For fifteen years, sports agent Josh Luchs made illegal deals with numerous college athletes, from top-tier, nationally recognized phenoms to late-round draft picks. Flagrantly flaunting NCAA and NFL Players Association rules, he made no-interest loans to players in exchange for the promise of representation on their lucrative pro contracts. After cleaning up his act in 2003, he moved to a new agency, only to be targeted and pushed out of the business for a new violation-one he arguably did not commit. Then, in October 2010, Luchs wrote a confessional article in Sports Illustrated, telling the truth about what he did and didn't do.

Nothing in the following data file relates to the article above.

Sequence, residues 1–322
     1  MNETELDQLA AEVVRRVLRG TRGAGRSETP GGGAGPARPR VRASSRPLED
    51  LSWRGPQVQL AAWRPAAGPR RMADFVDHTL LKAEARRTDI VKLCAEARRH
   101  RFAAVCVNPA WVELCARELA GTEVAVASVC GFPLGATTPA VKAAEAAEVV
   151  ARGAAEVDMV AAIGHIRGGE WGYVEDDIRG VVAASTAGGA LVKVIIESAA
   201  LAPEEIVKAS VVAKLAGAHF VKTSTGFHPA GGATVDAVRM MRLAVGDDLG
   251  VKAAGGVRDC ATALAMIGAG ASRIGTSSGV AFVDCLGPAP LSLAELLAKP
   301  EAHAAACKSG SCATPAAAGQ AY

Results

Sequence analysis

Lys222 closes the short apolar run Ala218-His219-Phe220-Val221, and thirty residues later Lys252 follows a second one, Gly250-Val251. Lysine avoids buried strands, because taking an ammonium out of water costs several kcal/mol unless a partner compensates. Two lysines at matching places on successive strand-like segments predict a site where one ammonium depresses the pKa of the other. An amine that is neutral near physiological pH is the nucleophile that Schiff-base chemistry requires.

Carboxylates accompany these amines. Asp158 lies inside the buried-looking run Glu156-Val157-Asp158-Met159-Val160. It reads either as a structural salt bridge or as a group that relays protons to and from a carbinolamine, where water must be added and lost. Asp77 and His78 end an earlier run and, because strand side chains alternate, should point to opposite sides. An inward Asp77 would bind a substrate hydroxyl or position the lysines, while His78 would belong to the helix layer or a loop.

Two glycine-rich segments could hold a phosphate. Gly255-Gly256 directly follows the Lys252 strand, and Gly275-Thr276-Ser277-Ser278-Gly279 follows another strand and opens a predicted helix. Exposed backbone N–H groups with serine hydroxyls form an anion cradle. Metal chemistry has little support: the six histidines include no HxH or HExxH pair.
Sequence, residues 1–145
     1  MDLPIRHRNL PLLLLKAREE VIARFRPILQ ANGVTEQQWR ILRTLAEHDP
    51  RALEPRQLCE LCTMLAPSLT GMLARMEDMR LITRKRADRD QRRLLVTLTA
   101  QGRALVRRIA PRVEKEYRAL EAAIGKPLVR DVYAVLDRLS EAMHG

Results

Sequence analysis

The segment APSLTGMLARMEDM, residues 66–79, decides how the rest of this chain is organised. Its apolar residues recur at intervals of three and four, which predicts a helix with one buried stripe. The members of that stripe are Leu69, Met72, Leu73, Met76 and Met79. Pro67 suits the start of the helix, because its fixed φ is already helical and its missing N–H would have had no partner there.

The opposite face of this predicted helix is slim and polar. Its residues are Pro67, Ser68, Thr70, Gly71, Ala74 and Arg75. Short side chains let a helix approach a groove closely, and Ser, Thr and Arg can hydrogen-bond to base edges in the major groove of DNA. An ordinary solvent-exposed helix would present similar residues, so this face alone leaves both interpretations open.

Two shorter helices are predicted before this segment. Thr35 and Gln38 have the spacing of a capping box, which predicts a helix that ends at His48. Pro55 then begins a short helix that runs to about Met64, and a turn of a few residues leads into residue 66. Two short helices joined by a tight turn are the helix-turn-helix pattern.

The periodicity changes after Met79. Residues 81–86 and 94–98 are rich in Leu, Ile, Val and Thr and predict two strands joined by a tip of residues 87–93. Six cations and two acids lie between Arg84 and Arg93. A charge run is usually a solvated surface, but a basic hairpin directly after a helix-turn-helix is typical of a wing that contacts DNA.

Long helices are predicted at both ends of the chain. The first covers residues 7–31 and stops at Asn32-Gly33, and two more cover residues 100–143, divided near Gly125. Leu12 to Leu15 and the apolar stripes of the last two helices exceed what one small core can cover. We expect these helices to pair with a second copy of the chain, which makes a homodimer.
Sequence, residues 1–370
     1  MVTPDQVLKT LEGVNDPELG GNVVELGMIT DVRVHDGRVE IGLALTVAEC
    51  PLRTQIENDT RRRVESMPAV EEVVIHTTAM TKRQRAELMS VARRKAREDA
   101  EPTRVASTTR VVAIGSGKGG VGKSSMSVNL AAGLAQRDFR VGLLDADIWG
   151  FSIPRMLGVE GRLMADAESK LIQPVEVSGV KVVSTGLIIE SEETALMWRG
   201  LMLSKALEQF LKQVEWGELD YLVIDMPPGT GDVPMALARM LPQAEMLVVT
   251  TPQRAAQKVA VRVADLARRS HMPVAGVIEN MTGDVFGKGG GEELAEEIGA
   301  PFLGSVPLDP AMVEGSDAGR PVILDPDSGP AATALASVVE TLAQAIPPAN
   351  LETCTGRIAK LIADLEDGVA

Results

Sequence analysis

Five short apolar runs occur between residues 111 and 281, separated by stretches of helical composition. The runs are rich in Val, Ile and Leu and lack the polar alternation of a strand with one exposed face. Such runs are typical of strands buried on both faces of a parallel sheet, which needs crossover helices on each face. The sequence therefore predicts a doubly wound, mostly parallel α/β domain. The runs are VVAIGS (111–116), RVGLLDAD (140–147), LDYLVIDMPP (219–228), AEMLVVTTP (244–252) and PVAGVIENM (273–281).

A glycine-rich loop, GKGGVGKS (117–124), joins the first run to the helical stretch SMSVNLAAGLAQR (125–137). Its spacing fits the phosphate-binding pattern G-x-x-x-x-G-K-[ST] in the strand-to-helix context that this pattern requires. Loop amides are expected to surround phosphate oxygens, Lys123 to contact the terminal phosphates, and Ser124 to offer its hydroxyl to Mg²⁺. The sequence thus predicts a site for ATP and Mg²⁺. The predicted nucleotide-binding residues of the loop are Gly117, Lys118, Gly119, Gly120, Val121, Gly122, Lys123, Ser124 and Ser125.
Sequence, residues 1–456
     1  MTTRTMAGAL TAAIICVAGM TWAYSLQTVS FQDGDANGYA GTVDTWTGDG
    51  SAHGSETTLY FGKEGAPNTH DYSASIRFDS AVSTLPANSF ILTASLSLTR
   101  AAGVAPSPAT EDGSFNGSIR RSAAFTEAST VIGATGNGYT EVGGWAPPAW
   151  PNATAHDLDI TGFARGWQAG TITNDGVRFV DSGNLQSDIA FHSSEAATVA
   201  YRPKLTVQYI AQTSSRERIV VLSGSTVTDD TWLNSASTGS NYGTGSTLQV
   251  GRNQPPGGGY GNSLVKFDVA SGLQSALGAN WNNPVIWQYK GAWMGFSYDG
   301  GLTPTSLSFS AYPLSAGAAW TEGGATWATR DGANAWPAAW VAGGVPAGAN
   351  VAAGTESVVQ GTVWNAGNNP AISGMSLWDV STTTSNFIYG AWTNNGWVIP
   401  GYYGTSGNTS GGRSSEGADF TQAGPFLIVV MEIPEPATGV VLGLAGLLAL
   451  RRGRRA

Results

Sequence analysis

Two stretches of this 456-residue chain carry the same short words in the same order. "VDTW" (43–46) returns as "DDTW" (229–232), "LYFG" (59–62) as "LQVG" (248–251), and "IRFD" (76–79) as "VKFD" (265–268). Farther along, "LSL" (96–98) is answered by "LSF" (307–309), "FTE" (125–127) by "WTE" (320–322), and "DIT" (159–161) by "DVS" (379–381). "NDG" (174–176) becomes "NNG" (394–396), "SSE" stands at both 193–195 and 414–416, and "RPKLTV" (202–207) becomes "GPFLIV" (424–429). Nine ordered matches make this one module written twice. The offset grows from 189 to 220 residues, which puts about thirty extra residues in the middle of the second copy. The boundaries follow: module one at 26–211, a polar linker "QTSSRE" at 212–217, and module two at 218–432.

Since then he has taken on a new role: whistle-blowing, truth-telling reformer. And in telling his own story, Luchs pulls back the curtain on the real economy of college football: how agents win players legally and otherwise, the staggering sums colleges make from an unpaid workforce, the shortfalls of supposed full-ride scholarships, and the myth of a college education given to scholarship jocks. Including new information about major players and scandalized programs such as USC, Auburn, and Ohio State, this book pulls no punches. It's a stunning and necessary read for anyone who loves the game, and the first step toward fixing a broken system.